2013 Barbie Oscar Red Carpet: A Look Back

Sunday, February 24, 2013


Growing up, I was obsessed with books, movies and Barbies.
Not much has changed in four decades.
That trio always captured the most important artistic elements to me: Escapism, entertainment, beauty, and a way to make sense of the world.
As a child, I yearned for Barbies. I begged for them as birthday gifts and Christmas presents. But as an Ozarks boy coming of age in the 1960s and 1970s, I got BB guns, fishing poles, trains and GI Joes instead.
So, I turned to books and movies. I adored Cinderella. I loved Nancy Drew.
As I aged, I became enthralled with how the two overlapped: My favorite literary characters often became my favorite movie characters.
Scarlett O’Hara.
Bridget Jones.
Miranda Priestley.
Tracy Flick (Reese Witherspoon/”Election”)
As an author, I work hard to make my characters memorable. I preach to aspiring writers about the minute details that make literary characters so memorable – from dialogue to dress – be it my mother or Scarlett.
Or Barbie.
When I met my partner, Gary, we discovered that we had both been robbed in our rural childhoods. We both wanted Barbie. We both got Hot Wheels. So, the first purchase we made together as a couple was a Barbie. We marched into Target and spent hours perusing the many versions of Barbie that now existed. And yet we picked an old-school Barbie, the kind with big boobs and blonde hair and no quantifiable profession.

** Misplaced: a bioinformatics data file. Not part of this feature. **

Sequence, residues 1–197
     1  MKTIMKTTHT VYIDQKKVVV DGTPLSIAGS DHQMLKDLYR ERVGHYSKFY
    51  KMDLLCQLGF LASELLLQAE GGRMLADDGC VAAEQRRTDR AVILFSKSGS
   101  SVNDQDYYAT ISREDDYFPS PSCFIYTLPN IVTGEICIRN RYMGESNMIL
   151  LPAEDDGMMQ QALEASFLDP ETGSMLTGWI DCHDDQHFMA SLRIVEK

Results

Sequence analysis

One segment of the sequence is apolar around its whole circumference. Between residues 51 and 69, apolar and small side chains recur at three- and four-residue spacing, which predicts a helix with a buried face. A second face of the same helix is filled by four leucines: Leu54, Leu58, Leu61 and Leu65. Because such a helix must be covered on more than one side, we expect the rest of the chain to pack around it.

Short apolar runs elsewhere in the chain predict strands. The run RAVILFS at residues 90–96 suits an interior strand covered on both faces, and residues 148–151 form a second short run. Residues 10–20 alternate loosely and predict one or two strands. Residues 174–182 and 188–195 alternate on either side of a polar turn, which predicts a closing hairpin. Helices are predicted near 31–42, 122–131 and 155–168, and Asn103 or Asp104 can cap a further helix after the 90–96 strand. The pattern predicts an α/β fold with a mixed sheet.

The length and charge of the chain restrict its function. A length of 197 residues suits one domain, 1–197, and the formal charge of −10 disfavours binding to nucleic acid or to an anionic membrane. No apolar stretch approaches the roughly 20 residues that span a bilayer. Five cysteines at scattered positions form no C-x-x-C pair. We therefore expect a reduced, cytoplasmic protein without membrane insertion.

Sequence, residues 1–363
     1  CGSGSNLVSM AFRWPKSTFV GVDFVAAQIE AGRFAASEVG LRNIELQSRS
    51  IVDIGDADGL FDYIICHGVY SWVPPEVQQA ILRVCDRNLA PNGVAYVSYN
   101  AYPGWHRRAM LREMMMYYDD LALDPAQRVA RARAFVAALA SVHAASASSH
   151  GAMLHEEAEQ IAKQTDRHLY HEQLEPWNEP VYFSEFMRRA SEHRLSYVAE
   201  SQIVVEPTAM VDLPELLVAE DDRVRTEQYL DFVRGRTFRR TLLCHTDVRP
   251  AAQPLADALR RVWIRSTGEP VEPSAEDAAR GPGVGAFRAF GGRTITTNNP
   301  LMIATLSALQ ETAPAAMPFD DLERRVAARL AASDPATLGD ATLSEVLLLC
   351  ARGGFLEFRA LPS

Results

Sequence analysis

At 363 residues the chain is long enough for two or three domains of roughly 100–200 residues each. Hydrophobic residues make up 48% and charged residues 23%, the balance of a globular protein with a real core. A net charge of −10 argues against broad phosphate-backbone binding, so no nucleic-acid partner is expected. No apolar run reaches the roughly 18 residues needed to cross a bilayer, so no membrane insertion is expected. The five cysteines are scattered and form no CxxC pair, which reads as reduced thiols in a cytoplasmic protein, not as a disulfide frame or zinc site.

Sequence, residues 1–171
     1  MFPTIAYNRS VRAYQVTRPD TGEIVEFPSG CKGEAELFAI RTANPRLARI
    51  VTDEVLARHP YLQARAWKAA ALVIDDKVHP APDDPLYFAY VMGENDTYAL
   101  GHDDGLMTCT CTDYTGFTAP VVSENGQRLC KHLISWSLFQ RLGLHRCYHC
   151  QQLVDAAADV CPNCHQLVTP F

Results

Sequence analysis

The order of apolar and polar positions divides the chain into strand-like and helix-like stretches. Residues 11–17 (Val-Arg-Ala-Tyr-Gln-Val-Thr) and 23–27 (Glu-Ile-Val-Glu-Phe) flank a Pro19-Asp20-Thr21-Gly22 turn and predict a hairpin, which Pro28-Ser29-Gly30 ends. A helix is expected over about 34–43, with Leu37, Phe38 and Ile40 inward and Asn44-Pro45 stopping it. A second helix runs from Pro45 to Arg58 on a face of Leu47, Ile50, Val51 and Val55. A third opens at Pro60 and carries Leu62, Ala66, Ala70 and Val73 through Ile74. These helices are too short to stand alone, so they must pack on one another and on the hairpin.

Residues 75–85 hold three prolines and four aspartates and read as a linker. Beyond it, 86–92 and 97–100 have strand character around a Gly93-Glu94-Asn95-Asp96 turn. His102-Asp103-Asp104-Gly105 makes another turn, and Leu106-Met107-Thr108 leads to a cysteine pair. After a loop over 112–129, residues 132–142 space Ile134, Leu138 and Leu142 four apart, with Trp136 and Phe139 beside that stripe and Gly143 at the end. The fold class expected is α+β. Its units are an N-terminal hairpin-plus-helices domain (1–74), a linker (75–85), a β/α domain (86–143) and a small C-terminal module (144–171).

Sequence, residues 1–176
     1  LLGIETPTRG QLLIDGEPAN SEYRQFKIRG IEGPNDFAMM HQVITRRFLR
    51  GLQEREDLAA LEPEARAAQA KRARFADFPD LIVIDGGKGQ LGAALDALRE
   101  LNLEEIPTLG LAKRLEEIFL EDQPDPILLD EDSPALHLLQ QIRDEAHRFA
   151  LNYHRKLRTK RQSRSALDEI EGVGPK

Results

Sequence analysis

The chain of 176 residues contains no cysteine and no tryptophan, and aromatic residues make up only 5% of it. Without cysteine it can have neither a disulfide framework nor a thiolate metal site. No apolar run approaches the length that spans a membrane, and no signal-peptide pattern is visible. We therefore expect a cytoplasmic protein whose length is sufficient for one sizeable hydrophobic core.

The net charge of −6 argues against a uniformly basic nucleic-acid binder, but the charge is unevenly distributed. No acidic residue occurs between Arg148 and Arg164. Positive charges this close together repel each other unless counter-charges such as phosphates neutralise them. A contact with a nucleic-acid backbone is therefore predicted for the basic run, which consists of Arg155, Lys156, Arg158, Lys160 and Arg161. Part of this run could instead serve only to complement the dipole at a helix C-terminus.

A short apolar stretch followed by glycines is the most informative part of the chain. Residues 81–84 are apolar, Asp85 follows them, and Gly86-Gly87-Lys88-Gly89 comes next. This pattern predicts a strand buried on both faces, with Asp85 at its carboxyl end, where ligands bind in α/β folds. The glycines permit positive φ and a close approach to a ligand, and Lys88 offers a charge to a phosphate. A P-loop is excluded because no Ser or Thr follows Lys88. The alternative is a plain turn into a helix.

Over time, Gary and I began to buy more Barbies, and they became not only our makeshift posse when we traveled the US on book tours and lectures but also our alter egos.
We created Trailertrash Barbie as an homage to many of the redneck gals we knew growing up in rural America. We created Barbies after friends and fans, we created Barbies after relatives, we created Barbies from book characters.
We created bookish Barbies and beer-loving Barbies.
And, then one winter about four years ago, Gary and I were watching the Oscar Red Carpet, aka the gay Super Bowl. Suddenly, we just looked at each other without saying a word, knowing exactly what the other was thinking, sort of like twins do.
That day sparked our own annual Red Carpet tradition: We now style Barbies after the stars nominated for Oscars.
We’ve designed Meryl Barbies and Viola Davis Barbies. We’ve created Halle Berry Barbies, Reese Barbies, Bullock Barbies, J-Lo Barbies along with Joan Rivers Barbies and, of course, Lindsey Lohan Barbies (I mean, you just have to her crash the Carpet).
Our Barbie Red Carpet has grown more elaborate over the years: One of our best friends, a designer and doll insider, snags us the latest Barbie fashions. Stylists submit dresses to us. People from all over the US now beg us to do it.
Yes, it’s fun, but I’ve also learned playing with Barbies as an adult has made me an even better writer. I create memorable characters. I obsess over details. I have no fear about what people think. And I laugh, and hope that I am entertaining others, bringing some humor and light into their lives, even if for a few moments.
Books, movies and Barbies.
Not much has changed in four decades.
And I couldn’t be more thrilled. Because I’ve learned that trio still captures the most important artistic elements to me: Escapism, entertainment, beauty, and a way to make sense of the world.

For a chance to view this year’s Barbie Red Carpet – and win a signed Barbie (of course) by yours truly – please head to my Facebook fan page on Sunday, Februrary 24.
https://www.facebook.com/pages/Wade-Rouse/86031327538?ref=ts&fref=ts

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